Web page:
Lack of technology infrastructure and the digital divide, especially in rural communities, was another barrier. Where the facilities for mConsulting were not available and affordable, only a limited segment of the population would have access.
The human resources capacity for mConsulting was another concern. Many service providers rely on doctors who split their time between regular and mobile consultations. With the shortage of doctors in the Nigerian health system, dividing the time of the hospital workforce with mConsulting engagement puts more pressure on existing human resources. Some service providers also opened their platforms to both local and international clients, making it difficult to supply the demand.
The danger of misdiagnosis was seen as a barrier to mConsulting. Important information could be missed and errors could be made. Also, clients could mislead mobile consultants by not divulging all the relevant information. Even when using mConsulting in emergency care or for first aid, there could be a danger of receiving the wrong advice.
Data security and privacy is a major problem in Nigeria. Some participants believed that online materials and platforms were susceptible to abuse.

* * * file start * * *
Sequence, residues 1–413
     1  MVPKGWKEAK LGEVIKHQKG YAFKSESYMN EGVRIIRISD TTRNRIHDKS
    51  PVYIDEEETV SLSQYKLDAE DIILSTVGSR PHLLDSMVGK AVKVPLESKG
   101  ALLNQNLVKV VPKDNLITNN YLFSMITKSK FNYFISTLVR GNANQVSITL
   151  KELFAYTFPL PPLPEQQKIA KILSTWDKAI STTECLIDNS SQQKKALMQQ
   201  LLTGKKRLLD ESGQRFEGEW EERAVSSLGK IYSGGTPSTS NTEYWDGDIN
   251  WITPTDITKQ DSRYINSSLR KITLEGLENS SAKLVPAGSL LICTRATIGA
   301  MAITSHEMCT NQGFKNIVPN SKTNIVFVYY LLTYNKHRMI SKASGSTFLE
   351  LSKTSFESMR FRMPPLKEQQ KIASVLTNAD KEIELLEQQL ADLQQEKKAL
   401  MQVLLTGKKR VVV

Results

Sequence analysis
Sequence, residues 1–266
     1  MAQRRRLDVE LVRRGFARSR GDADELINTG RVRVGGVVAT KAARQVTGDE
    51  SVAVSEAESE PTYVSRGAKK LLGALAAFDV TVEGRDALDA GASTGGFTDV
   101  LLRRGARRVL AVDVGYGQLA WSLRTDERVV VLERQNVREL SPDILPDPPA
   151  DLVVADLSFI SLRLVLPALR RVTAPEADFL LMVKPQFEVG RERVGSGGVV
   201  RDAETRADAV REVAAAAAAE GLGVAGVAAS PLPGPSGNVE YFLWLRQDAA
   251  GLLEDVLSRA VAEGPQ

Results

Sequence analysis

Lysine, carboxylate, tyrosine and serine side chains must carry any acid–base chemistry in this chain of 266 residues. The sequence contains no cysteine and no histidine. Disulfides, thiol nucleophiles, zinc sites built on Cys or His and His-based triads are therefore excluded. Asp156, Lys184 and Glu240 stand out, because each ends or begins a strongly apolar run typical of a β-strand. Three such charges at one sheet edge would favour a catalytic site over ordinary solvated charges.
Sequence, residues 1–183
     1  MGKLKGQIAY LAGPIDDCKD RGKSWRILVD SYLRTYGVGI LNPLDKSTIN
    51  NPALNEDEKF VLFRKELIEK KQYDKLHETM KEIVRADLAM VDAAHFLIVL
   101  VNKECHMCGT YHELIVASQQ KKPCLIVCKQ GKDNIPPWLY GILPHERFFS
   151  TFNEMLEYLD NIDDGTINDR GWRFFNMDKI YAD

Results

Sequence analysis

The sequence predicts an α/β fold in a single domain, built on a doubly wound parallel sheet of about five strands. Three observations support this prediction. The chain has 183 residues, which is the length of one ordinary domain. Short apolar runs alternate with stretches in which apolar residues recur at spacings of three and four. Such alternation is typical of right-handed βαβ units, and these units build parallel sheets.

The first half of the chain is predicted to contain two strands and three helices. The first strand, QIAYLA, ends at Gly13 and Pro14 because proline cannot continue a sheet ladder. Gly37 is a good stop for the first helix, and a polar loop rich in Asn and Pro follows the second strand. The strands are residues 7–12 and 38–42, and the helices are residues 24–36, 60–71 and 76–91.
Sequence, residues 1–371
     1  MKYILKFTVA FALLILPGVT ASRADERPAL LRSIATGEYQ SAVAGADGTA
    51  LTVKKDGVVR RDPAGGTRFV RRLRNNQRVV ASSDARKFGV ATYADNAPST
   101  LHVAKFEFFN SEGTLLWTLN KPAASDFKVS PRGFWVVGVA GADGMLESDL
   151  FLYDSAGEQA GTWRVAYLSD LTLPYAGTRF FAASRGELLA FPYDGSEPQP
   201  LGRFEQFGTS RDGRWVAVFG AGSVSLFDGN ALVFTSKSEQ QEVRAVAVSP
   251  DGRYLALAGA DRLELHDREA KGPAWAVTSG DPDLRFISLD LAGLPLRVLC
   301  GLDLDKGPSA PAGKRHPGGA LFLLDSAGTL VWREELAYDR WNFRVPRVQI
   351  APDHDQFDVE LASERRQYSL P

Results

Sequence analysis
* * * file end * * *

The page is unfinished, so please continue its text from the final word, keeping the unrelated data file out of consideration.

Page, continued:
There were variations in stakeholders’ awareness of policy and regulations governing mConsulting in Nigeria. There have been suggestions at the National Council of Health that states should introduce eHealth into their healthcare delivery framework. Yet, after more than a decade of deliberations about it, policies are yet to be formulated specifically to govern this sector of healthcare.
Policy gaps and the way forward
The participation of the private sector has made it an imperative to have clear-cut policies to protect the public as users of mobile consulting services. The entrepreneurs who invest in these services also need protection.
mConsulting policies must cover training, credentialing, quality control, maintenance of electronic infrastructure, remuneration and protection against fraud.
Training curricula for healthcare professionals, especially doctors, nurses and pharmacists, must incorporate digital literacy and interaction with patients at remote sites. In the interim, short term training programmes can be organised for those already in the workforce. The agencies that regulate different cadres of health professionals should have clauses in their codes of ethics about mConsulting and eHealth in general.
Adequate remuneration is vital to sustaining mConsulting services and protecting members of the public against fraud or price gouging.
An effective policy environment is key to ensuring that mConsulting expands equal access to healthcare. A vision for mConsulting and eHealth needs to be integrated with the framework of the Abuja Accord to drive the achievement of healthcare for all.
Funke Fayehun, Senior lecturer, University of Ibadan, University of Ibadan; Akinyinka Omigbodun, Professor of Obstetrics and Gynaecology, University of Ibadan & Professor of Reproductive Health Sciences, Pan African University Life & Earth Sciences Institute (PAULESI), University of Ibadan, and Eme Theodora Owoaje, Professor , University of Ibadan